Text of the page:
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Discontinuation of The Reduction Of Fixed Deposit Placement Based On Property Purchase And MM2H Approval By Government Pension
Kindly be informed that MM2H Centre has discontinued the reduction of Fixed Deposit placement based on property purchase worth RM1 million and above in Malaysia. Also discontinued is the MM2H...
We have much more to offer tourists Print E-mail
Thursday, 02 July 2009 22:46

EVERY time I go abroad, I take a keen interest in the tourist potential of the country I am visiting, and when I return home, it reinforces my belief that Tourism Malaysia is not doing justice to promote Malaysia as a cost-competitive and value-for-money holiday destination. There are so many things we can highlight to tourists with a media blitz, but fail to do so.

Malaysia offers among the cheapest hotel rates in the region, and even perhaps the world, but little publicity is given to this strong pull-factor. In comparison to countries in the region and in Asia, where the five-star hotel rates are between US$250 and US$300 (RM880-RM1,060) a day, the daily room rates for five-star hotels in Malaysia average around US$130-US$150 (RM459-RM530).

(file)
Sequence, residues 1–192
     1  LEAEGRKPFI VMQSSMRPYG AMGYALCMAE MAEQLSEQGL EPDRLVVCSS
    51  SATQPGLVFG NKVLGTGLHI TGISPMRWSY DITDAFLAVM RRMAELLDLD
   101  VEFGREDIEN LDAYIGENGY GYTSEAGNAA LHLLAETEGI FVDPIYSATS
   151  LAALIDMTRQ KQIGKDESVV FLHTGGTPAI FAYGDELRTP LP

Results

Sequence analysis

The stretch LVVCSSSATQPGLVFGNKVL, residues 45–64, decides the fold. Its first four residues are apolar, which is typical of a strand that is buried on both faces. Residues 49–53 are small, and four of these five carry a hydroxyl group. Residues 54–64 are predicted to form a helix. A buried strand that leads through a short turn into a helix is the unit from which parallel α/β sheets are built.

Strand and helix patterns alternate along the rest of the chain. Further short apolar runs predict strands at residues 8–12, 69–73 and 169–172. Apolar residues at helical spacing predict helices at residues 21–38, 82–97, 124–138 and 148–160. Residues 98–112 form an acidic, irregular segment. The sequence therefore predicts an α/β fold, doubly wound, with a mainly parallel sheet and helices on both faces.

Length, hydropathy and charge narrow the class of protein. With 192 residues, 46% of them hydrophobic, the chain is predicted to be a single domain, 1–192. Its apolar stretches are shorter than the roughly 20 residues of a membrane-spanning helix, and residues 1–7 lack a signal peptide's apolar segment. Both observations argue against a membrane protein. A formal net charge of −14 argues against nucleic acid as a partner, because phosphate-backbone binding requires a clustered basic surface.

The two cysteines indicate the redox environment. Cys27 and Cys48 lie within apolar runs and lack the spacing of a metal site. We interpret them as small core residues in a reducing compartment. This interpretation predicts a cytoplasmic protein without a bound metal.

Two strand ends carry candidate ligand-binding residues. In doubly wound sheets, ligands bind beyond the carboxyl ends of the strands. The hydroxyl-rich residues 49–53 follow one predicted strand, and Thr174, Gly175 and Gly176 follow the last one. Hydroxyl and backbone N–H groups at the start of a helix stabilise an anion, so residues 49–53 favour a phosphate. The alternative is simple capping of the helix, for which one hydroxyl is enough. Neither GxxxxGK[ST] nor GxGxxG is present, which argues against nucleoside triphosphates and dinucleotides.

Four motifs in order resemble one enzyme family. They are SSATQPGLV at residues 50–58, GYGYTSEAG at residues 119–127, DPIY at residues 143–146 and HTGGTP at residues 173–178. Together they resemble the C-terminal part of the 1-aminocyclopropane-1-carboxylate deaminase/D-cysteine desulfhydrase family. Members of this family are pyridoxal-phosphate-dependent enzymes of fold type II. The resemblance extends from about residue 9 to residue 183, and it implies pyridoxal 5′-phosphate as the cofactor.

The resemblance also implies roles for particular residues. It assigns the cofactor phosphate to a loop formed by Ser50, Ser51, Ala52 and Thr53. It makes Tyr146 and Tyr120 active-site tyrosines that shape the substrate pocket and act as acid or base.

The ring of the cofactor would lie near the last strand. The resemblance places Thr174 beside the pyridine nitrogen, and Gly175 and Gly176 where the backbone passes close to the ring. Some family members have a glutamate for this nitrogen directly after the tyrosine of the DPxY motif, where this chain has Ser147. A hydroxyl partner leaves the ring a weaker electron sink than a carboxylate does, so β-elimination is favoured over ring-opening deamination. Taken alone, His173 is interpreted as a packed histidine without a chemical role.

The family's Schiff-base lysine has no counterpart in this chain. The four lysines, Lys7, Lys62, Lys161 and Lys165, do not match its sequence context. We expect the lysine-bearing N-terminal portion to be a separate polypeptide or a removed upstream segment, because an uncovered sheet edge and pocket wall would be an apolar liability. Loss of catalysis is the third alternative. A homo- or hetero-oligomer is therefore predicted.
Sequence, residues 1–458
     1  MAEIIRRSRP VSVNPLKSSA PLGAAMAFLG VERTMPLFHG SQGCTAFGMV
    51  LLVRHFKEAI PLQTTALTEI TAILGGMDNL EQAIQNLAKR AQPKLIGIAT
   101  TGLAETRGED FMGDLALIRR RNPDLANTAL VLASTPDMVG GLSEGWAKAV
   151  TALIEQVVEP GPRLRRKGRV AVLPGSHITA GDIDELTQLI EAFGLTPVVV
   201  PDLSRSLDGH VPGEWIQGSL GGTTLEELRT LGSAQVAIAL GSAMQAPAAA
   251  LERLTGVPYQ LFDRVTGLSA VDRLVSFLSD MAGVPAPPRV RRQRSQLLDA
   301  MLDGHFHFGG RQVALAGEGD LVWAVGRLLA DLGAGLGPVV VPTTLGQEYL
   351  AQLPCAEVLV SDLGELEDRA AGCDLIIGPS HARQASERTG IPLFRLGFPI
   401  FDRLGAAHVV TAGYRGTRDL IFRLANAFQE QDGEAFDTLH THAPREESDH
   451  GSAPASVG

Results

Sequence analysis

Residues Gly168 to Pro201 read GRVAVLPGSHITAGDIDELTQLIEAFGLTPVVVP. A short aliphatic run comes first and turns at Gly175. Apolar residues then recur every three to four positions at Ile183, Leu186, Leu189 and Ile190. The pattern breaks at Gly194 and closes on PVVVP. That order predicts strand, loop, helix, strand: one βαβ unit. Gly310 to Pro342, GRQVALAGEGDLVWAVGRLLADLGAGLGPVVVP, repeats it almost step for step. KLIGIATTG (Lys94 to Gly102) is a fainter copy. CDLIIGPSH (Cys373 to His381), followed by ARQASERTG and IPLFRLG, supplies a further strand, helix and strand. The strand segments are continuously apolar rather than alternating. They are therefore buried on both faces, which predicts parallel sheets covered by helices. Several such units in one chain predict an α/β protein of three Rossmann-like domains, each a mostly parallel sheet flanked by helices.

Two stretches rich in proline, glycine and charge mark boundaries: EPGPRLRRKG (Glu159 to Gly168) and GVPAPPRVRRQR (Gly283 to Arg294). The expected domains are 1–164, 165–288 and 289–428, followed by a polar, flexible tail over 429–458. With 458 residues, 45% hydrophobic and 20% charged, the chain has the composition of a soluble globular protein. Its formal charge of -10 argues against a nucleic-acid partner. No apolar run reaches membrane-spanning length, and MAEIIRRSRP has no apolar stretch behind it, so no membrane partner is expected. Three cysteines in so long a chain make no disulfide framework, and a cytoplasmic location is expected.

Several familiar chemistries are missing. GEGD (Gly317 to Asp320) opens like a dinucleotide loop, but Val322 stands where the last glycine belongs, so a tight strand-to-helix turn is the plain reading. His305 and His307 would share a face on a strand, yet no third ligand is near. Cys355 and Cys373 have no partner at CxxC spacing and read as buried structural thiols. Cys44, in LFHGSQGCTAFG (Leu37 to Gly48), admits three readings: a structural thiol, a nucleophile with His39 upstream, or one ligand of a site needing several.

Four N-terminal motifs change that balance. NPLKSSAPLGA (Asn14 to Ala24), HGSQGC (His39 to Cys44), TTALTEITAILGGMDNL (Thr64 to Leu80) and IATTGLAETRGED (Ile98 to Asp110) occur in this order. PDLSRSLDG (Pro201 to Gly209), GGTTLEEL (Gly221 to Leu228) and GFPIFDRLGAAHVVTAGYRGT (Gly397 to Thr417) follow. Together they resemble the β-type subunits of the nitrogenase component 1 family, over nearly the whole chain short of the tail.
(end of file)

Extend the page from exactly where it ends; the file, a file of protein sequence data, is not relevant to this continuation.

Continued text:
Many of these countries also discriminate between locals and foreigners.

Even meals at ordinary restaurants are much cheaper in Malaysia than in many countries.

Recently, I was on holiday in a neighbouring country and went to a restaurant with a friend for a meal which cost RM69. The same meal in a restaurant in Bangsar, which is considered to be an expensive area in Kuala Lumpur, would cost only around RM25.

The warmth and hospitality advertised by that country was a charade. In a country which prides itself on its smiling people, I was greeted with a stern look by the customs and immigration officers. At least our men and women in uniform at airports offer a smile.

During my visit to one tourist attraction, a sign showed that foreigners had to pay RM35 as entrance fee, while it was free for the locals. In Malaysia, we don’t treat our guests in such a manner.

English should be a selling point for our tourism promotion. Most people in Malaysia, even those who cannot communicate well, can at least understand the rudiments of the language. In many developed and developing countries, where English is not the national language, the majority of the population can hardly communicate with English-speaking tourists.

Peninsular Malaysia, Sarawak and Sabah have so many hidden treasures yet to be
discovered. As a Malaysian, I too, have not visited many of these treasures.

The media can assume an important role in promoting domestic promotion, especially during school holidays. Tourism Malaysia should work together with the media to promote these tourist destinations.

Tourism Minister Datuk Seri Dr Ng Yen Yen recently stated that there are around 12,000 foreigners residing in Malaysia under the Malaysia: My Second Home Programme. With the cost of living escalating in many European countries, Japan and the US, many of the nationals, especially retirees, from these countries would like to find an alternative place to reside in comfort. Malaysia would be the answer to their dilemma.

Tourism Malaysia must get cracking.

James Gonzales
Kuala Lumpur


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